I am passionate about politics and this passion inspires my reflections about how political sciences should be taught. I enjoy understanding the causes that led to a political outcome and the strategies of the different groups to influence the result. I am also intrigued to explore the arguments of those I do not agree with to have a clearer picture of how they reason and why they think the way the do. When I teach, I try to inspire my students to feel that passion, the will to connect theories and practice, and to think critically while being empathic to the position of the other. This way of teaching is based on three reflections. First, learning political sciences should be guided by our curiosity to better understand society. Second, theories and concepts are easier to learn when we connect them to real events. Finally, a good teacher must be a constant learner, and this is achieved through research excellence.
You can find my full teaching philosophy here.
I have been teaching assistant in both methodological and theoretical courses. Trough these experiences I saw the importance of learning through curiosity. Especially during statistics courses, students are many times reticent to engaging with the course and think that quantitative methods are just not for them. Once the teacher is able to show how statistics help us to better understand even simple features of our daily lives, students are much more receptive to the content of the course. During the sessions I taught during the courses European Integration, and Social Movements & Democracy, I was able to experiment and put into practice my reflections about teaching.
This is the list of courses I have been involved in:
Social Justice Frameworks in Action (syllabus)
Social Movements, Contentious Politics and Democracy (syllabus)
Jean Monnet Module on European Integration (syllabus)
Advanced Multi-Method Research (PhD level) (syllabus)
Quantitative Methods for MA Students (syllabus)
Research Design and Methods in International Relations (syllabus)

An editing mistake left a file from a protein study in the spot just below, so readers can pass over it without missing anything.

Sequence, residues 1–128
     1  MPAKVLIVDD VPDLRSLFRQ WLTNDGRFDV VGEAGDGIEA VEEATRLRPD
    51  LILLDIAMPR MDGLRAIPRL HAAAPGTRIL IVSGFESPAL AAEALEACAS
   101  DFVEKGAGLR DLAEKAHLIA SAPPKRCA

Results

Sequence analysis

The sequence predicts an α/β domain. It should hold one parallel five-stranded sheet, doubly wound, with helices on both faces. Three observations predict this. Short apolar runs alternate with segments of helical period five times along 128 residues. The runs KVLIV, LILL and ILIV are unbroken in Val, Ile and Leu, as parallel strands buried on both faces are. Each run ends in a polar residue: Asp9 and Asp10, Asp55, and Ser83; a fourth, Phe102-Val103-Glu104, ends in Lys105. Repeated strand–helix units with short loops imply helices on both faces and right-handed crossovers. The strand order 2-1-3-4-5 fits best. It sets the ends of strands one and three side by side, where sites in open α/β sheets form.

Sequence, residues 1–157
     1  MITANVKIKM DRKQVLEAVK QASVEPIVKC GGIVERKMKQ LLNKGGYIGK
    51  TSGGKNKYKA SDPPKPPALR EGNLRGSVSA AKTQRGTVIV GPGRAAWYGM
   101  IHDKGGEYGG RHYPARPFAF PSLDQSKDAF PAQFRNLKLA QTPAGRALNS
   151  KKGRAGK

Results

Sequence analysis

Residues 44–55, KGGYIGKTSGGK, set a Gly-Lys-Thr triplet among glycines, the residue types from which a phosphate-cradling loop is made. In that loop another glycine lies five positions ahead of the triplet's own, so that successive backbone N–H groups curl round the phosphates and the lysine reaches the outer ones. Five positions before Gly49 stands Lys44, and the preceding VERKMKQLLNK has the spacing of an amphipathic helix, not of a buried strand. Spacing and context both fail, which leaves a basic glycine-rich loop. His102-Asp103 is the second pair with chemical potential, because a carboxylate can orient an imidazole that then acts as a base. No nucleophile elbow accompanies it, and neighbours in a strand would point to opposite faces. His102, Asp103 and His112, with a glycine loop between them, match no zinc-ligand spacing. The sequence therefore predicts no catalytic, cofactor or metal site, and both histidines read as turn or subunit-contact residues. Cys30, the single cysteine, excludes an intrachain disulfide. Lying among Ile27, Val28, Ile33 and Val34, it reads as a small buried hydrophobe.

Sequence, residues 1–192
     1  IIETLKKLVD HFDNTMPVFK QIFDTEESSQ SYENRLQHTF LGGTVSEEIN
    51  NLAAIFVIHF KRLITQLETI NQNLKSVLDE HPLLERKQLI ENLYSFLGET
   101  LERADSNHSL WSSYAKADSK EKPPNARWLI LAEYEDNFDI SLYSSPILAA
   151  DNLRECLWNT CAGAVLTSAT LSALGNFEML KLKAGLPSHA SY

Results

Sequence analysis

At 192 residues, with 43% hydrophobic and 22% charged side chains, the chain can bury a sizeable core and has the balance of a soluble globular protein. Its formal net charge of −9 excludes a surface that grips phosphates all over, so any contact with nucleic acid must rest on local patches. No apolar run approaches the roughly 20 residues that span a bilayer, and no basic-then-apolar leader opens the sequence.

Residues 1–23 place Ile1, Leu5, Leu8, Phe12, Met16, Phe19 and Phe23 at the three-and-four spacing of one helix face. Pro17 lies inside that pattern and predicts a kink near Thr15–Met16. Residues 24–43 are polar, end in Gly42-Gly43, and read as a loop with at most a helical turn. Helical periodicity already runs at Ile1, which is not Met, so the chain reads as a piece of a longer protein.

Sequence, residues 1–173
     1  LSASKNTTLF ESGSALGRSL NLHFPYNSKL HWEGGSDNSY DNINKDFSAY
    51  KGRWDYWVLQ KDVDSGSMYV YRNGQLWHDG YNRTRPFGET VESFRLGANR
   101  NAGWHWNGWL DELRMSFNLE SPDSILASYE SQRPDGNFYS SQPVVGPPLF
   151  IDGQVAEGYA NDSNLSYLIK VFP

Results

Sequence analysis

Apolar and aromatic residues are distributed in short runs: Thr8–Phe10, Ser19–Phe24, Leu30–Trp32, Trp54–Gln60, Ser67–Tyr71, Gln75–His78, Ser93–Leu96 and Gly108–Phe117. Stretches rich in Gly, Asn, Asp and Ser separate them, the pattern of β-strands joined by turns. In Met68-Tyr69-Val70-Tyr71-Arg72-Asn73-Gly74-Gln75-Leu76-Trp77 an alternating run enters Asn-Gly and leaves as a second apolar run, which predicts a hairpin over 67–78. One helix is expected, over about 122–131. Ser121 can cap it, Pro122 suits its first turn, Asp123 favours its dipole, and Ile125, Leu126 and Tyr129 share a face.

Since well before my PhD studies I was curious about how we learn and how to teach. I have been a non-formal education trainer for two years at AEGEE-Europe. To prepare for this engagement, I participated in a one-week intensive course called 'Training for Trainers', where we tried to unpack how we all learn in order to develop trainings that would engage and motivate the volunteers of the organization. This experience taught me the importance of curiosity and innovation for the process of learning. As the trainings were developed from the perspective of non-formal education, I learned how to develop dynamic activities aimed at facilitating the learning process.
Since the beginning of my PhD studies, I have always been convinced that being a good teacher is a crucial component of becoming an academic, especially in the social sciences. If we want to have a positive impact in the world with our research, we need to be able to make it available and relevant for society beyond the generally narrow academic circles. For this reason, I have given great importance to developing my teaching skills participating in the Program for Excellence in Teaching in Higher Education for Doctoral Students, created by the Center for Teaching and Learning of the Central European University. This program gave me the space to reflect about different strategies to teaching, the objective and context where each of them could work best and how to adapt them to my discipline and students' needs. Within this program, I have attended the following seminars: